17th November 2020
The Central Statistics Office (CSO) has published statistics on three-year reoffending (recidivism) for those sentenced to probation in 2014, in conjunction with one-year reoffending rates for the years 2008-2016. For more on how recidivism is measured by the CSO, visit the CSO website.
In the most recent cohort for which a three-year reoffending rate is available (2014), 47.2% of individuals committed at least one reoffence for which they received a conviction. The corresponding figure for the 2013 cohort was 45.4%.
The one-year indicator, first published in 2019, gives a more timely indicator of probation reoffending, but should be used in conjunction with the 3-year statistics to evaluate longer-term outcomes. This is important given that both national and international evidence has shown that reoffending is higher in the time period immediately following release, with rates of reoffending dropping significantly after a two-year period before reaching a point where little additional recidivism is observed. This was recently observed by Prof. Ian O’Donnell in An Evidence Review of Recidivism and Policy Responses published by the Department of Justice.
Data for 2016 indicates that the level of reoffending is higher among individuals sentenced to a Probation Order (34.1%) than those sentenced to a Community Service Order (28.3%). It is notable that Community Service Orders continue to show reduced reoffending outcomes, while also benefiting communities across the country. Statistics also show that of those under Post Release Supervision Order, 84% did not reoffend within one year. However, PRSOs are not directly comparable as they follow a period of imprisonment and are mostly associated with more serious offending.
Community safety and public confidence in the justice system are promoted by investment in what works to reduce crime. Given the sustained lower levels of reoffending among those sentenced to Community Service Orders compared to other sentencing options (both custodial and non-custodial), research needs to be undertaken into why this alternative continues to be underutilised by the judiciary. Community service schemes with transparent practices promote confidence from the public, judiciary and offenders in their effectiveness and legitimacy, which is essential to the ongoing viability of such schemes. Read more on this in IPRT’s research on the use of Community Service Orders in Ireland.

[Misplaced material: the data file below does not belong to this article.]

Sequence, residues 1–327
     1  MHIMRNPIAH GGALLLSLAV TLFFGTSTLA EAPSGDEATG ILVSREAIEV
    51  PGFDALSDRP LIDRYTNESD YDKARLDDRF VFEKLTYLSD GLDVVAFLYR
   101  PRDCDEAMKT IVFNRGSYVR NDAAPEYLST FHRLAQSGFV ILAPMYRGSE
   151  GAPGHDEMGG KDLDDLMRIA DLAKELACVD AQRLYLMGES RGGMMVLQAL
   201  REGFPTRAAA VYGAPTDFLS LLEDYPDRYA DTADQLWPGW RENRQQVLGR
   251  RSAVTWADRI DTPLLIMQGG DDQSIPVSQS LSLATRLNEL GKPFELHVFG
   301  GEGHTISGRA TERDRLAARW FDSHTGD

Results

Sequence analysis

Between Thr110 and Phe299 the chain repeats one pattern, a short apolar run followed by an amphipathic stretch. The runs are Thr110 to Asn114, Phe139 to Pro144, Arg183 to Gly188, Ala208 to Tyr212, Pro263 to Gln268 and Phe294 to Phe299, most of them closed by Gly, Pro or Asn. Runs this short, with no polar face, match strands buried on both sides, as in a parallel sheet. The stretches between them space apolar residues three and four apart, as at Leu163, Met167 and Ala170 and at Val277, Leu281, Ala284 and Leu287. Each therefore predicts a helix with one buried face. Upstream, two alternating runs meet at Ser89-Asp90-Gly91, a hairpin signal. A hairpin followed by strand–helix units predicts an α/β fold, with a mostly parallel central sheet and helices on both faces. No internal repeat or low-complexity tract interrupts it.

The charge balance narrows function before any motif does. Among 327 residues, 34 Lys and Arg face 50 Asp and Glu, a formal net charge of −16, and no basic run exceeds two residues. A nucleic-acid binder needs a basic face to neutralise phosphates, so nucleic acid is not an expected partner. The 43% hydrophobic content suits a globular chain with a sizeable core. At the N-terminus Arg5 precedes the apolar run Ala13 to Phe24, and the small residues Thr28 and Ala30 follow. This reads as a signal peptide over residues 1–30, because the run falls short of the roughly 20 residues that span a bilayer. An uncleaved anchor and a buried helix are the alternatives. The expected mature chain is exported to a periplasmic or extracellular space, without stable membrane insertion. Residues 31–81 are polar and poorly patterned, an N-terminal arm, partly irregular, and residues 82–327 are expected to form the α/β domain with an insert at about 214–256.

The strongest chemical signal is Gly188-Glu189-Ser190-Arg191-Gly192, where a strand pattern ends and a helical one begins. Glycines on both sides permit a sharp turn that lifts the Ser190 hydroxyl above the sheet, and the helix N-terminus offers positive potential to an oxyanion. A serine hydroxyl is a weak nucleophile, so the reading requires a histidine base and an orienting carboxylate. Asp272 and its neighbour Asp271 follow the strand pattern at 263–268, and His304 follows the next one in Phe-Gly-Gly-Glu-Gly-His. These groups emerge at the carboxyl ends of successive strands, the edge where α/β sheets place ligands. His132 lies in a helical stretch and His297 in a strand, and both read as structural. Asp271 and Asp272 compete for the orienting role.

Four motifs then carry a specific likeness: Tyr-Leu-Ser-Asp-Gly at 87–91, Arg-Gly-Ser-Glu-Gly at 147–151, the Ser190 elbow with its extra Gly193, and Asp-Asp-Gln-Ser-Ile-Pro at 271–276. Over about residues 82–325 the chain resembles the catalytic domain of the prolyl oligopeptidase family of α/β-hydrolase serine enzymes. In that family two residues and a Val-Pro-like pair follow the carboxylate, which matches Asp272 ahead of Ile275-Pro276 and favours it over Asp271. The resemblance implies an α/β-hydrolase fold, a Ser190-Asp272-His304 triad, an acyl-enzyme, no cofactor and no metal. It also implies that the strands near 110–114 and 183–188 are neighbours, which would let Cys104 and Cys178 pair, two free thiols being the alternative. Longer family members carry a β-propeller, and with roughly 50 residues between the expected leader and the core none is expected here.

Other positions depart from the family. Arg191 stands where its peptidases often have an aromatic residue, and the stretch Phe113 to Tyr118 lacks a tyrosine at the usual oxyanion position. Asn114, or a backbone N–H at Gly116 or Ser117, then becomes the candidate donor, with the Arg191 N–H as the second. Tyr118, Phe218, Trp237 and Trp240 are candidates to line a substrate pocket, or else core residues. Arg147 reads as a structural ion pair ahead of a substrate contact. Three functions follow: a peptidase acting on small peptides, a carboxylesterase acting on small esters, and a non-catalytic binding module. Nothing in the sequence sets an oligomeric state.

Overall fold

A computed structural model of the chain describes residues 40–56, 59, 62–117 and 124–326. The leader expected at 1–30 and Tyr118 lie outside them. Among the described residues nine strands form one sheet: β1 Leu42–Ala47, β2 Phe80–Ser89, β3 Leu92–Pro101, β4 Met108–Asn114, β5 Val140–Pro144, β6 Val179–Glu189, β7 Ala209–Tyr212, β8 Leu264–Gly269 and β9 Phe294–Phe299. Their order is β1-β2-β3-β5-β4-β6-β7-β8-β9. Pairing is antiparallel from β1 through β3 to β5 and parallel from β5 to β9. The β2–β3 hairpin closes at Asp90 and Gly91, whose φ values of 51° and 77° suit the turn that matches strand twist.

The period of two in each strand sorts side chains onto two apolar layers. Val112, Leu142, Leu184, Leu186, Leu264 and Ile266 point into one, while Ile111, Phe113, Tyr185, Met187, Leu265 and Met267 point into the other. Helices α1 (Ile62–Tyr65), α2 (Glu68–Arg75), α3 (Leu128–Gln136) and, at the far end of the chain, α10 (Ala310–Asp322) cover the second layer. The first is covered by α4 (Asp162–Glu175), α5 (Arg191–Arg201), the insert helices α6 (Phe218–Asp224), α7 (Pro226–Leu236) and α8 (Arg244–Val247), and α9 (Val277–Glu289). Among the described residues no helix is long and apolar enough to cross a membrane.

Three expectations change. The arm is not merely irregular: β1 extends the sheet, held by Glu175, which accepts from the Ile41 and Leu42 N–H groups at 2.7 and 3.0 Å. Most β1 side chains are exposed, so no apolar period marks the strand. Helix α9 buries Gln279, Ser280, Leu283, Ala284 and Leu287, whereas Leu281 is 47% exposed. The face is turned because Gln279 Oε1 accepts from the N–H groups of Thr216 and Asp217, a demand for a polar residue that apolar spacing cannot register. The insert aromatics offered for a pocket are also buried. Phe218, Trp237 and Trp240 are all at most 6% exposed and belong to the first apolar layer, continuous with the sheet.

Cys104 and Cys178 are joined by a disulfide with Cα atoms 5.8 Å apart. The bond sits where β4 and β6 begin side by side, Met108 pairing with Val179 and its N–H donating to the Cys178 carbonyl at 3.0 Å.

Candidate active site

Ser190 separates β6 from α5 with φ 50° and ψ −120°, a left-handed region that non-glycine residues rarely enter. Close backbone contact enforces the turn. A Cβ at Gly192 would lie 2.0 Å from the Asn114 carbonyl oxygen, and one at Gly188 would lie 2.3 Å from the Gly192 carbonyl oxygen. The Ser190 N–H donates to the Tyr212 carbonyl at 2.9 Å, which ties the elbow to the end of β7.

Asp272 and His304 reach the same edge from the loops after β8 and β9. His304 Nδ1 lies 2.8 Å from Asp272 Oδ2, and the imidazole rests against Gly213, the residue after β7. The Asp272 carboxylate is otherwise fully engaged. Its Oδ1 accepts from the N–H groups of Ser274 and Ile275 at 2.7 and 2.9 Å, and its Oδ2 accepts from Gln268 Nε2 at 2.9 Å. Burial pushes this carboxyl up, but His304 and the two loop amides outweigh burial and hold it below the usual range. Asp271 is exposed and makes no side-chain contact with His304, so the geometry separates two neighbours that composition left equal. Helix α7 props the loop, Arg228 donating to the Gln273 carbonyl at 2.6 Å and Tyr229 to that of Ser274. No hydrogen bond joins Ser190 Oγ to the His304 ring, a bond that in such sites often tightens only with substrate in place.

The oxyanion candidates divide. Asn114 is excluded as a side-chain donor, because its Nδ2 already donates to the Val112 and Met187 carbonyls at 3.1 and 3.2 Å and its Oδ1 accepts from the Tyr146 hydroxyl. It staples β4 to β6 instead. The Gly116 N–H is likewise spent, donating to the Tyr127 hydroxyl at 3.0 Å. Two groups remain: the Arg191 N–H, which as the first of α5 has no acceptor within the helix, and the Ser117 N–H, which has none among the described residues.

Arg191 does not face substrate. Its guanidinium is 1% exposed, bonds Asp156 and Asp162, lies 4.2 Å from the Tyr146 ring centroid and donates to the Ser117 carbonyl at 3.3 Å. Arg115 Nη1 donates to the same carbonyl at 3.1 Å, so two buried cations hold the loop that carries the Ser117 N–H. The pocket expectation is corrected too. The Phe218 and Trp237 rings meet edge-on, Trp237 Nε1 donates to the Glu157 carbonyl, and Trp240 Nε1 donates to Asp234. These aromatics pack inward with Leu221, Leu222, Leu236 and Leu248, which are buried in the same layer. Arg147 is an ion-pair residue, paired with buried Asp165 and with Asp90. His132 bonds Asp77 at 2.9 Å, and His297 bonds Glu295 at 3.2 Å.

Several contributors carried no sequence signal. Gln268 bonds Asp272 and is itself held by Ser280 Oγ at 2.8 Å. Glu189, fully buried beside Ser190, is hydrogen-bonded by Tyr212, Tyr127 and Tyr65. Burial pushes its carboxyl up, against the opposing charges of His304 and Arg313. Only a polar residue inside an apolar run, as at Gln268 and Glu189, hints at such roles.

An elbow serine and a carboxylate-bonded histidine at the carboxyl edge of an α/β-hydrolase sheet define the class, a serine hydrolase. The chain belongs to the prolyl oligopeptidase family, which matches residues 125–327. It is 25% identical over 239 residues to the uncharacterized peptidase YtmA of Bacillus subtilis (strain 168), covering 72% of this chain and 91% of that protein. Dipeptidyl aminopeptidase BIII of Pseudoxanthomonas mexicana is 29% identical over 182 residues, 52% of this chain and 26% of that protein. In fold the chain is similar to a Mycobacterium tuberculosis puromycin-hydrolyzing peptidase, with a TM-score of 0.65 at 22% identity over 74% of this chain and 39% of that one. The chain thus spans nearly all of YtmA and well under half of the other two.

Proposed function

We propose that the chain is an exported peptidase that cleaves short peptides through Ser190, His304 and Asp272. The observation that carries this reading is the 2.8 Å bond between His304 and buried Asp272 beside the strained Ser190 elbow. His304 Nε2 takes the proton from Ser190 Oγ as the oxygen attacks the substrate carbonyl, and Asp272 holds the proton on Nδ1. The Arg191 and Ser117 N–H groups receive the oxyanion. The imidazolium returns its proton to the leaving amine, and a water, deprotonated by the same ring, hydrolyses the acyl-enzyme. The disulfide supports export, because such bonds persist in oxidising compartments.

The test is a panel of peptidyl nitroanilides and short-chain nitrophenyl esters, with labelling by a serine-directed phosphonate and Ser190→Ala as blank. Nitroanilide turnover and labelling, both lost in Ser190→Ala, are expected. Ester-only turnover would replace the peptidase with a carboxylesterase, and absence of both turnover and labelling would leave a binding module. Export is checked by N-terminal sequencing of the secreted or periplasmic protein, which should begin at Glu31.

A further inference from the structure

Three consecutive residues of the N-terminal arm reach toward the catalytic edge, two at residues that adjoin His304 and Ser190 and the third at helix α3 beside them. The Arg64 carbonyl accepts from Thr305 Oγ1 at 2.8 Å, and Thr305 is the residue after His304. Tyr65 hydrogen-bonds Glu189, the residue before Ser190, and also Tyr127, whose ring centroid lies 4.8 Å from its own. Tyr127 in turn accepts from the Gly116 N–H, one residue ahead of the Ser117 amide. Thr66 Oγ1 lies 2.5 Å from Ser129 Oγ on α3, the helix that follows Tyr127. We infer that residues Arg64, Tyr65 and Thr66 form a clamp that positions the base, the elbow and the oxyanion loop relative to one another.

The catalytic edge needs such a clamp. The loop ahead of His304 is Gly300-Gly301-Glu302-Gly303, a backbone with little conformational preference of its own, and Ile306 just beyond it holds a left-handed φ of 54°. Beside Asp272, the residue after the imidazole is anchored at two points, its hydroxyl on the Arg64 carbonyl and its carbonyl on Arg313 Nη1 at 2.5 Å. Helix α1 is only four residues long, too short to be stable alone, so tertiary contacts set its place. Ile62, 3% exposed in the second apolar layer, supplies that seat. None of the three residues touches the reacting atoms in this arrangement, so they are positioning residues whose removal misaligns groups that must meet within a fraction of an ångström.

In line with international evidence, these CSO statistics find that reoffending that takes place within a year of a probation order mostly takes place within the first 6 months. In total, almost two-thirds (64.1%) of the reoffending take place during this period with the remaining 35.9% of offending occurring between six and twelve months of the probation order issue date.
The rate of reoffending by those sentenced to probation has historically been higher for males than females. IPRT has noted in recent years that the gap in the recidivism rate between genders is decreasing, with the reoffending rates within one year of entering probation between males (30.3%) and females (30.0%) now effectively equal. In order to better understand this pattern and respond effectively, reasons for this narrowing gap should be examined. Given the unique needs of women who offend, IPRT has previously called for mapping to determine the availability of gender-specific community sanctions across the country to examine whether the rehabilitative needs of women on probation nationwide are being effectively met. See PIPS 2019 Standard 32.1.
Reoffending rates do not exist in a vacuum. As well as the type of offence and the sentence received, various non-criminal justice factors impact on the likelihood of reoffending. One factor well-documented to protect against reoffending is the ability to secure meaningful employment after a conviction. With this in mind, these statistics should also be interpreted in conjunction with statistics published by the CSO earlier this year, which found that 59.7% of the surveyed cohort were in neither education nor employment 3 years following release from prison. The recent public consultation on spent convictions and the upcoming Working to Change - social enterprise and employment strategy 2021 – 2023 are key opportunities to reduce barriers and increase employment opportunities for people with convictions histories, and in turn reduce reoffending.
To view data on Prison Recidivism for the 2014 cohort – as well as an overview of data from 2008 to 2016 – click here.
For an infographic of the data, click here.
(Note: Statistics on recidivism by those sentenced to custody are published separately to the figures sentenced to probation. Given the differing nature/severity of the offence, as well as differences in categorisation, caution should be taken when comparing reoffending rates for those sentenced to custody versus those sentenced to probation. While not directly comparable, an overview of the most recently published statistics on prison recidivism is available here.)
Respect for rights in the penal system with prison as a last resort.